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IMPROV IRL

by | Feb 15, 2023 | Blog, Home Page

Improv teaches our students the very fundamentals of what Drama Kids is all about. It encourages our students to jump out of their comfort zones! They don’t get the safety blanket of a script – instead, they use their instincts and imagination. Actors in an improv must also trust their scene partners and share the spotlight in order for a scene to be successful. Not to mention all the creative thinking, public speaking, and spontaneous action they have to use in each activity. (Do you want to know the best part? Our Drama Kids don’t even realize how much they are truly benefitting from our improv games because they are busy having so much fun!) But that isn’t all!

Participating in improv also teaches you some great lessons that anyone, at any age, can use in their day-to-day life.

Rule 1 of Improv: Always say “Yes!”

The first rule of improv we teach our students is to always say “YES”! This simply means that if you are in a scene and your scene partner says “There’s an alien behind you!” you should accept the scenario your partner gave you, and react accordingly! If you say to your partner, “No, there’s no alien behind me,” the scene doesn’t progress and falls flat. Easy enough, right?

Now, think about YOUR life. How often do you say “yes”? How often do you step out of your comfort zone? Maybe you’ve declined an invitation to a hot yoga class recently, or you said no to trying sushi for the first time. Aren’t you just blocking yourself from new experiences – and, in turn, blocking your own “scene” from progressing further? Remember to be open to new experiences that come your way, and to always have an open mind. Next time someone asks you to step out of your comfort zone – say, “yes!”

Rule 2 of Improv: Say “Yes, and…” Add details!

Often in a scene it’s not enough to just say, “yes”. An actor must add details to keep the ball rolling! Using our previous example, “There’s an alien behind you!” – a scene partner shouldn’t respond with, “Yes, there is.” This gives an actor as little to work with as a flat-out, “No, there’s not.” An appropriate response would add in more details to the situation. For example, “Yes there is an alien and he’s about to release his tractor beam! RUN!” is a much more interesting and playable response.

So how does this rule relate to the real world? Well, how many times have you been stuck in a conversation with a person who will only respond with one-word answers? Probably quite often! It’s like talking to a wall – So. Frustrating. Adding in details to a conversation and avoiding those dreaded one-word responses (fine, good, okay, etc.) will not only make you more interesting, it will also make you a better public speaker!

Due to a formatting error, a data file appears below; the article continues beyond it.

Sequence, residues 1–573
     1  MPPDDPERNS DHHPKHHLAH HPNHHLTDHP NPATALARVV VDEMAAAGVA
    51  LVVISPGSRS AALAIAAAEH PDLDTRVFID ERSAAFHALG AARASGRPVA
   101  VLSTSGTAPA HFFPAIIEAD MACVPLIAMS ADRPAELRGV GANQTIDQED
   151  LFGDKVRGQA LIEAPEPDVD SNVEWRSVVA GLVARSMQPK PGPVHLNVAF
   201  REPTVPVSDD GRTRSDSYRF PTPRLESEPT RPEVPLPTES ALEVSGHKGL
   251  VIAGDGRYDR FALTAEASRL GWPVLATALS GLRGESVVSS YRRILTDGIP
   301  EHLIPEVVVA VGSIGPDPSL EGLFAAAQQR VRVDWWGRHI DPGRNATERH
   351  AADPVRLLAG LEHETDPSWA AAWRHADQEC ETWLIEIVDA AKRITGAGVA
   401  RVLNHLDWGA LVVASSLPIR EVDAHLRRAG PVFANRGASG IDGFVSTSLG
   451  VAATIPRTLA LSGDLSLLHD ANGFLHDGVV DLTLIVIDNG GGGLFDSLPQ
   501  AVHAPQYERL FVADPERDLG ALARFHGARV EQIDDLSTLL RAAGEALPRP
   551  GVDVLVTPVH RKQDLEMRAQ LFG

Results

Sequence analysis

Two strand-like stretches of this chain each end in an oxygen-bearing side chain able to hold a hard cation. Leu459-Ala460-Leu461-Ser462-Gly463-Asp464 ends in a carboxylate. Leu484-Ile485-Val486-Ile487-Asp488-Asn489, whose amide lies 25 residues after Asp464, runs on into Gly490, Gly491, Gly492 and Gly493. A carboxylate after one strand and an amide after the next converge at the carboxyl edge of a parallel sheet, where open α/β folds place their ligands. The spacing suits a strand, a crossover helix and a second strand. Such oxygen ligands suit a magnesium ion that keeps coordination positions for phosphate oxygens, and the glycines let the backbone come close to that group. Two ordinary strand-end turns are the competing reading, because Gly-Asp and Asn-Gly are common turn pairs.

Rule 3 of Improv: Don’t Block your partner

Another important rule we teach our students is to avoid “blocking” your partner. This means making it harder for your scene partner, in any way, to progress the scene. An actor can block their partner in a few ways. For example, if your scene partner tells you, “A zombie is heading this way!” and you say “Hey look, a unicorn!” that’s blocking! An actor can’t just ignore an idea and pretend the scene partner didn’t say anything. Another way you can block a scene partner is by asking too many questions. Questions put an actor on the spot, and gives them the sole responsibility to progress the scene.

So what about your life? Do you ever find yourself “blocking” someone else, or being blocked in a situation? Has your child ever been upset by all the questions you ask them when they get home from school? “How was your day?” “What did you learn?” “How was lunch?” “Did you see Aidan today?” Questions, questions, questions! We all understand why we have the desire to ask our children about their day – it’s only natural! You want to know all the little details of their day! However, giving them the third degree as soon as they walk through the door or get off the bus can put pressure on them. Try to get them talking with other tactics; for example, when your child walks through the door greet them with, “Hi! Welcome home! I’d love to hear about your day.” instead of bombarding them with questions. Or if your child likes to play video games to unwind, ask to play with them. You’ll be surprised at how much they open up when they are doing something they enjoy!

Rule 4 of Improv: Stay in the Moment

Perhaps the most important rule of improv is to stay in the moment. This means an actor shouldn’t break character or laugh if something funny happens. This breaks the “fourth wall” and takes both the actor AND the audience out of the moment. It’s totally frustrating! The actor should be living in the present, they should be completely engaged in the situation, and be ready for anything!

I’m sure you know how important it is to stay in the moment in life as well! Life goes by pretty fast – and we all must learn to enjoy every second of it while it’s happening! Always dwelling on the past or thinking ahead to what’s going to come next takes you out of the moment in the present. So stop and look around you and be engaged in the now – you’ll thank yourself in the future!

Improv and life lessons go hand-in-hand at Drama Kids! Find a Drama Kids near you today!

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